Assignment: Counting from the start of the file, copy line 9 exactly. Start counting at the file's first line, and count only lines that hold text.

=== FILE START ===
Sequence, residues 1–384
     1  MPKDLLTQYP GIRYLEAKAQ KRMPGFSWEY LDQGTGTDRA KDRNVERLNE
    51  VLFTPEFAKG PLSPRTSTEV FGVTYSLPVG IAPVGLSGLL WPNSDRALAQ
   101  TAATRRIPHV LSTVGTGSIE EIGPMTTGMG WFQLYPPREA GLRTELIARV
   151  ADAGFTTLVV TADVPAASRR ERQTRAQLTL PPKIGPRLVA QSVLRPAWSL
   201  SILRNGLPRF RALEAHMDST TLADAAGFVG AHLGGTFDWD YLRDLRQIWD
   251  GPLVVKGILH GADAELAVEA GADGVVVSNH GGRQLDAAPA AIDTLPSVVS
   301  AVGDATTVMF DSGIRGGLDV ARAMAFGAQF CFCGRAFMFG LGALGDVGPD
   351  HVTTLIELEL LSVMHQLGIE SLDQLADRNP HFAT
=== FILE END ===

   351  HVTTLIELEL LSVMHQLGIE SLDQLADRNP HFAT